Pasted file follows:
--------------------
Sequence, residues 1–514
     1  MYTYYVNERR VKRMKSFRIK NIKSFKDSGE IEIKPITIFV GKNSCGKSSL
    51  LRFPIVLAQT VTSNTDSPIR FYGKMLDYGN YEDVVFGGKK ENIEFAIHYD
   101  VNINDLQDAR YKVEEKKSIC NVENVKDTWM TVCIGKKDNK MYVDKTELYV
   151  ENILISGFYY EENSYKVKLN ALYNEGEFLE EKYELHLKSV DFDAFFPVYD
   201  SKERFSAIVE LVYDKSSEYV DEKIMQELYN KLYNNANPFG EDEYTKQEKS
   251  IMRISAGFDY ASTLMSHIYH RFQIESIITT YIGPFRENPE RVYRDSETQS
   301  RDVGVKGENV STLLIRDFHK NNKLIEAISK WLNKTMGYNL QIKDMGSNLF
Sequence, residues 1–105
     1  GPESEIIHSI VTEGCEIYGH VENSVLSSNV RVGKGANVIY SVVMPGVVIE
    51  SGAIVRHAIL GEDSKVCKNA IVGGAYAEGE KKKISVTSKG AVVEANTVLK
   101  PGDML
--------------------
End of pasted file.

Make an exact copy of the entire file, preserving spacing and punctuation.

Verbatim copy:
Sequence, residues 1–514
     1  MYTYYVNERR VKRMKSFRIK NIKSFKDSGE IEIKPITIFV GKNSCGKSSL
    51  LRFPIVLAQT VTSNTDSPIR FYGKMLDYGN YEDVVFGGKK ENIEFAIHYD
   101  VNINDLQDAR YKVEEKKSIC NVENVKDTWM TVCIGKKDNK MYVDKTELYV
   151  ENILISGFYY EENSYKVKLN ALYNEGEFLE EKYELHLKSV DFDAFFPVYD
   201  SKERFSAIVE LVYDKSSEYV DEKIMQELYN KLYNNANPFG EDEYTKQEKS
   251  IMRISAGFDY ASTLMSHIYH RFQIESIITT YIGPFRENPE RVYRDSETQS
   301  RDVGVKGENV STLLIRDFHK NNKLIEAISK WLNKTMGYNL QIKDMGSNLF
Sequence, residues 1–105
     1  GPESEIIHSI VTEGCEIYGH VENSVLSSNV RVGKGANVIY SVVMPGVVIE
    51  SGAIVRHAIL GEDSKVCKNA IVGGAYAEGE KKKISVTSKG AVVEANTVLK
   101  PGDML